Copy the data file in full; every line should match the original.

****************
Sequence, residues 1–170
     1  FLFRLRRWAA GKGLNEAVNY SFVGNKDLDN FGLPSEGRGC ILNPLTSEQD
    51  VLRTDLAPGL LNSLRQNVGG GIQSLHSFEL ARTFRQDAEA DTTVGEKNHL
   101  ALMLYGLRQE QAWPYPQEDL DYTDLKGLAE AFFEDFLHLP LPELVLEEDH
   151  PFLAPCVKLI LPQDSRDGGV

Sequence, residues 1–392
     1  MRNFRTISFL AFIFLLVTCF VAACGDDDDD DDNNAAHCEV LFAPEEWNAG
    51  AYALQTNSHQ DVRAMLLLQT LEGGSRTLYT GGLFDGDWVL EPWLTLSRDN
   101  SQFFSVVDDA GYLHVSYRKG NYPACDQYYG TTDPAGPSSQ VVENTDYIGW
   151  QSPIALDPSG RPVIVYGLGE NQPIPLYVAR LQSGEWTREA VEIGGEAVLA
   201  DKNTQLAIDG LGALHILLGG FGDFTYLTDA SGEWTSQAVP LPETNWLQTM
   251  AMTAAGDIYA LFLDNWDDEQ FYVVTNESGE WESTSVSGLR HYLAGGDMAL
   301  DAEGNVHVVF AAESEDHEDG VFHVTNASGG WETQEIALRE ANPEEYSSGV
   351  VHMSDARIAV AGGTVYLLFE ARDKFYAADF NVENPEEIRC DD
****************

Sequence, residues 1–170
     1  FLFRLRRWAA GKGLNEAVNY SFVGNKDLDN FGLPSEGRGC ILNPLTSEQD
    51  VLRTDLAPGL LNSLRQNVGG GIQSLHSFEL ARTFRQDAEA DTTVGEKNHL
   101  ALMLYGLRQE QAWPYPQEDL DYTDLKGLAE AFFEDFLHLP LPELVLEEDH
   151  PFLAPCVKLI LPQDSRDGGV

Sequence, residues 1–392
     1  MRNFRTISFL AFIFLLVTCF VAACGDDDDD DDNNAAHCEV LFAPEEWNAG
    51  AYALQTNSHQ DVRAMLLLQT LEGGSRTLYT GGLFDGDWVL EPWLTLSRDN
   101  SQFFSVVDDA GYLHVSYRKG NYPACDQYYG TTDPAGPSSQ VVENTDYIGW
   151  QSPIALDPSG RPVIVYGLGE NQPIPLYVAR LQSGEWTREA VEIGGEAVLA
   201  DKNTQLAIDG LGALHILLGG FGDFTYLTDA SGEWTSQAVP LPETNWLQTM
   251  AMTAAGDIYA LFLDNWDDEQ FYVVTNESGE WESTSVSGLR HYLAGGDMAL
   301  DAEGNVHVVF AAESEDHEDG VFHVTNASGG WETQEIALRE ANPEEYSSGV
   351  VHMSDARIAV AGGTVYLLFE ARDKFYAADF NVENPEEIRC DD